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Doing Things You Don't Want to Do

I had just spent the weekend at Real Social Dynamics' Hot Seat 2, which, frankly, is an amazing program. Tyler comes in with nine hours of hidden camera footage, and plays it for the audience while pausing to explain what's going on.

I learned a ton and was properly inspired, but Tyler's approach is definitely not the easy way out. Instead of rolling up to a girl with an indirect opener, you walk up, make eye contact, and say hi. This sounds easy, but in practice it's scary because you're putting your ego on the line every time, making it trivially easy to be rejected.

So on Monday I went out to the mall to try it. It was the first time I'd been out in the day (for pickup) in a solid month, since we'd been going out at night instead. I did one approach, and then kicked myself for the next hour and a half and did nothing. My brain was looking for, and found, every single reason not to do it. She's too attractive-- start off easier. She's not attractive enough-- you don't want it to go well. She's walking-- she wouldn't stop anyway. She's standing still-- it looks too obvious.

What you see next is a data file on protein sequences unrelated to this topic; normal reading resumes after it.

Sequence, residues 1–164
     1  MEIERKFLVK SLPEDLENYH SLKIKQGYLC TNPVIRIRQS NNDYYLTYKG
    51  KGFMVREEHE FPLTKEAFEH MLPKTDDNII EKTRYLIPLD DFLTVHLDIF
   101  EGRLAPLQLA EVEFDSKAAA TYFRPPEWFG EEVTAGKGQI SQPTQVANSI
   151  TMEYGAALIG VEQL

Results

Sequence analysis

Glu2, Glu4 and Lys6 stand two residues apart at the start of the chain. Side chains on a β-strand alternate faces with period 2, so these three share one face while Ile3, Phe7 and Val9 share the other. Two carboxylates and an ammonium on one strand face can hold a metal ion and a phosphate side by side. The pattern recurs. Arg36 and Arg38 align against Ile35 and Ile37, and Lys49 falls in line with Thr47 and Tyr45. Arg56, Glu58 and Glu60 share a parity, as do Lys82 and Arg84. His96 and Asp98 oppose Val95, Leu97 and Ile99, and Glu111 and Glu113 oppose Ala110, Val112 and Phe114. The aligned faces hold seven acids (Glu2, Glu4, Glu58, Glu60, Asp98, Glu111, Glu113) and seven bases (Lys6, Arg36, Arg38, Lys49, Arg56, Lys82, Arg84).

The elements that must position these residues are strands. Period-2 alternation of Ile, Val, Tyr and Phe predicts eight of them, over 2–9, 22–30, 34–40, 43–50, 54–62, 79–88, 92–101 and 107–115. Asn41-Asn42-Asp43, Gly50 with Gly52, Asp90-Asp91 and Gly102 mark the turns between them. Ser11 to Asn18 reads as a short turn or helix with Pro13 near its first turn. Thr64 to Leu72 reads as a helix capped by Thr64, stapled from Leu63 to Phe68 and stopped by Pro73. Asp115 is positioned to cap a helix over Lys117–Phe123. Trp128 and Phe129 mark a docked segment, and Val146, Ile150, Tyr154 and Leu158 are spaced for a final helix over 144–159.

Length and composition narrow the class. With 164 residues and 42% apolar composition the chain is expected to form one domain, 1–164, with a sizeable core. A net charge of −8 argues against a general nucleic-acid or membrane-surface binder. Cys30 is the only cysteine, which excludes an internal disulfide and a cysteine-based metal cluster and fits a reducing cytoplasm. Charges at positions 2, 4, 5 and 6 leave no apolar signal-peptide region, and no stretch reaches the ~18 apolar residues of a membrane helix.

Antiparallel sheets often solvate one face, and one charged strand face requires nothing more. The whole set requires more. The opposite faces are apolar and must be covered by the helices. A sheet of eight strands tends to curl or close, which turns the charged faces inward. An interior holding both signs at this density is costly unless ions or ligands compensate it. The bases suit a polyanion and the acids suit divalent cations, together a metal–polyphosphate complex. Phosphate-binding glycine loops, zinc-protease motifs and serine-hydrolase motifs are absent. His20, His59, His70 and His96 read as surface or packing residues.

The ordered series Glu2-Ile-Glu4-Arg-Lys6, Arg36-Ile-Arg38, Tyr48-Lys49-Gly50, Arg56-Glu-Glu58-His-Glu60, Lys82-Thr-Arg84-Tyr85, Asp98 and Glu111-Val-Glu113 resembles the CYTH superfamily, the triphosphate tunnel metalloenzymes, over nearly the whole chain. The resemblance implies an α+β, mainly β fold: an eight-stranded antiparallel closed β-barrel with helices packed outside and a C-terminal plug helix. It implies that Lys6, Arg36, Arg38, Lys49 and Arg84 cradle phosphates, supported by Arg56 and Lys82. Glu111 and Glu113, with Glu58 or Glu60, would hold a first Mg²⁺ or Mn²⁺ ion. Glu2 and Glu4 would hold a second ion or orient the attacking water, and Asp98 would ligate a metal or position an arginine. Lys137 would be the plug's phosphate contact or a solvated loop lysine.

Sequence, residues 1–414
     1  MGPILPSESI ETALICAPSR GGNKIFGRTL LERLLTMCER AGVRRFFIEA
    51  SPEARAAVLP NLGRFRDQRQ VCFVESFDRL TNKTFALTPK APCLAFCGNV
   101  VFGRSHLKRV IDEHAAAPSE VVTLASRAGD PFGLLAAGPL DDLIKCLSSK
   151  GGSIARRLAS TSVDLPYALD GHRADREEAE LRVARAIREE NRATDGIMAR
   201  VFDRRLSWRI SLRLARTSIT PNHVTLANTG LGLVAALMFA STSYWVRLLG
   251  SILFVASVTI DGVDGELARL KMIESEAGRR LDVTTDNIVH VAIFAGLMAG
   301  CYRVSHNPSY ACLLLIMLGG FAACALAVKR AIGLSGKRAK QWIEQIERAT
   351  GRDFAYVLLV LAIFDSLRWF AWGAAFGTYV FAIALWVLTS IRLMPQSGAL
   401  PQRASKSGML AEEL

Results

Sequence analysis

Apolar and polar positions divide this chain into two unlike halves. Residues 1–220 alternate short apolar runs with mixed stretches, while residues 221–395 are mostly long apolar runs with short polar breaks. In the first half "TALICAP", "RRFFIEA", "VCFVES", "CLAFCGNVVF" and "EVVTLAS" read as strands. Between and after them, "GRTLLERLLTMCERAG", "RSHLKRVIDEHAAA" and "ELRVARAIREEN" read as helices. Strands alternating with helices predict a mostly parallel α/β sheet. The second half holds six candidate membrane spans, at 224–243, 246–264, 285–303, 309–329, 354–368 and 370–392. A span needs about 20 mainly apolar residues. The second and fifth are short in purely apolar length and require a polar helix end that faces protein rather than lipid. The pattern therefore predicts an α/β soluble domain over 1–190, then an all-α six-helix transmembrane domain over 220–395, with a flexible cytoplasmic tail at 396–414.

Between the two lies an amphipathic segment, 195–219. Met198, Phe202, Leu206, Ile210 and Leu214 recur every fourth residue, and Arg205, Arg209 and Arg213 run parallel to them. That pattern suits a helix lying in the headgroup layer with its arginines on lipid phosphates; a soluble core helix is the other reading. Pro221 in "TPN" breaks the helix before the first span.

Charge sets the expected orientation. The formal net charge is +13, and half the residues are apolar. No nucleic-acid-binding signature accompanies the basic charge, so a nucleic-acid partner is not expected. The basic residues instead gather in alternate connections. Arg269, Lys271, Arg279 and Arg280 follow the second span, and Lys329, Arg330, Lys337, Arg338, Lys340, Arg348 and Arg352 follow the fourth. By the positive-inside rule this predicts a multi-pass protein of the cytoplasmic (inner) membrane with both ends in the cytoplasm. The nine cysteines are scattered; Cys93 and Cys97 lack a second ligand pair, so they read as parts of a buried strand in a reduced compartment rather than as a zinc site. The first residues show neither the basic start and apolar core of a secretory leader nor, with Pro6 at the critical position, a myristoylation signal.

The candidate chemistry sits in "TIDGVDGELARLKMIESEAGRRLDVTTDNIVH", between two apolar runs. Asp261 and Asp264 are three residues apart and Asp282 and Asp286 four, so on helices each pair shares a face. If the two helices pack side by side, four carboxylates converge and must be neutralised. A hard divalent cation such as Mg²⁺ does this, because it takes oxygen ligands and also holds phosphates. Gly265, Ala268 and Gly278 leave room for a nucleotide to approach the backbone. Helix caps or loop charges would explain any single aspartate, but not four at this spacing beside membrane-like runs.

A Better World Starts with a Better You: 2012

On Radical Reader Chinese

I have been into self-improvement for a long time now. For almost five years now I have religiously followed a number of authors who speak to becoming a bigger, badder you.

However, the pursuit has always felt a little hollow to me. Becoming a better you has always felt to me to necessitate an overly inward eye. Many years ago I took a pledge around a campfire to live my life for others. While I was just a kid at the time, the pledge is still something that I take seriously, something that has been fed by my activities since.

This campfire experience is one that came back to me several years later when I sought to learn more about Buddhism. My interest was academic rather than spiritual, but I was struck by something on a deeper level nonetheless. I was watching a video series with basic information about what it was to be a Buddhist, and I was struck by a statement the monks said ad the beginning of each installment. "... to achieve enlightenment for the betterment of all beings..."

That is how self improvement reconciles with altruistic, charitable living.

That is how I want to live my life.

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